Today I want to talk about the most valuable asset in any of our businesses: the people. The people who work for a company are often referred to as employees, but the owners work for the company as well. We are coworkers. People do not work for me, they work with me. This distinction is an important part of building the right relationships between coworkers, both for the betterment of the individual and the business. Training our coworkers and caring for them is another important part of building the right relationship with our coworkers. We need to train them so that they can do their job well and care for them so that they can continue to enjoy their job. It’s as Richard Branson says, you should “[t]rain people well enough so that they can leave, [and] treat them well enough so that they don’t want to.”
This training requires personal, daily, and hands-on attention from owners. Training requires time and care; your coworkers won’t get better without direction. Without guidance, your coworkers will be left in the dark and without any knowledge of what they need to do to improve. Particularly in smaller businesses, wearing so many hats makes it difficult for the owner to take the time to give due attention to each of his or her coworkers, but we must make the time. We need to walk around and interact with them daily. When we see something someone is doing well, we should pull the group together and point out what has been done well. We should point to someone’s work and say to our coworkers, “I want to show you how well this job was done. This is the kind of thing that makes me proud to work with you all.”
When you’ve got someone that needs to improve, you should pull them or their foreman aside privately and discuss how to help him or her improve. We need to help each of our coworkers improve so that they can do their job better and be proud of the work they do. In this way, raises are not given. Raises are earned.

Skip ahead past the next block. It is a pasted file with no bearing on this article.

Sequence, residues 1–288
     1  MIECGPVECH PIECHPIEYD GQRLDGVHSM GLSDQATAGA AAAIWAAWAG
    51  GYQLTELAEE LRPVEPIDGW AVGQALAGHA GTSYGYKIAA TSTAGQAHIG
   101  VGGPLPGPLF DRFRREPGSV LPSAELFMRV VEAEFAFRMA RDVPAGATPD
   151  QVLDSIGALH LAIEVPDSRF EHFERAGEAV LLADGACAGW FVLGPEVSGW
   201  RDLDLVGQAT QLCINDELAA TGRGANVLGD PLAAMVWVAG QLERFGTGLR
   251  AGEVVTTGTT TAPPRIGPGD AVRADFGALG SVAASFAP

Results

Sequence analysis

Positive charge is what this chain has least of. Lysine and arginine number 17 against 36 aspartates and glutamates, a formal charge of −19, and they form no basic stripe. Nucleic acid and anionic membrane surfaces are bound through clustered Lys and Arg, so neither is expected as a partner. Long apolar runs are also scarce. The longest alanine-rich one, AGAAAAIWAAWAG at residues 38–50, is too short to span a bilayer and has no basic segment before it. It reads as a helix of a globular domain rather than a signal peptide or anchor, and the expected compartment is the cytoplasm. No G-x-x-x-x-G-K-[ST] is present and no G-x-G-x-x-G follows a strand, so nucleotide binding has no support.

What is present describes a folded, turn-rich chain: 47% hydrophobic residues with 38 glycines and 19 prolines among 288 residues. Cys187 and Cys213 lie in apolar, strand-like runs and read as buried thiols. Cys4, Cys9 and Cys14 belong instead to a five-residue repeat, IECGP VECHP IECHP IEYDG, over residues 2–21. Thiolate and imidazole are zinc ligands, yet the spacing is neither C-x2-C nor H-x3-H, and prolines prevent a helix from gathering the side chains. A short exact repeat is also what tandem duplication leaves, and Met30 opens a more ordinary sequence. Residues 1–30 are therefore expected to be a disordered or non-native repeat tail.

In a world where it’s easy to lose track of time because of our many responsibilities, it becomes even more important to look after the most important asset to our business: the people. We need to take the time to nurture, encourage, train, teach, and develop our coworkers. We need to stay connected with them.
Learn how to run a more efficient construction company and be more profitable using the systems and procedures discussed within the Rocky Geans Construction Business School. I share lessons from over 30 years leading a concrete construction business in South Bend, Indiana. Plus, you get all the forms, documents, and spreadsheets developed along the way. Interested? Give us a visit to see more about our program.
Several years of consulting with contractors and working with all of their employees has reminded me that businesses really are about the people. It’s about understanding that there is a whole range of backgrounds in the the people we work with, it’s about understanding that not everyone is wired the same way or thinks alike. This uniqueness and individuality means that we have to be patient. As managers and owners, we often meet frustration with someone or their performance, but we can’t just complain about it. We can vent for a few minutes, but then we need to look at what we can do to improve the situation. Letting what can’t be changed aggravate us will help no one, and it will certainly not help the people who are counting on us.
This frustration just makes communication that much more important. There is no way for every employee to know exactly what every manager is thinking, but there has to be a common understanding between co-workers. This means that frequent and fluent communication within a business is crucial, especially in times of change. As leaders, we need to reach that understanding and describe our vision, give our employees an idea of what lies ahead. We need to communicate with the people we work with, we need to take care of them, be aware of them, and appreciate them. Business is about people, and people cooperate through communication.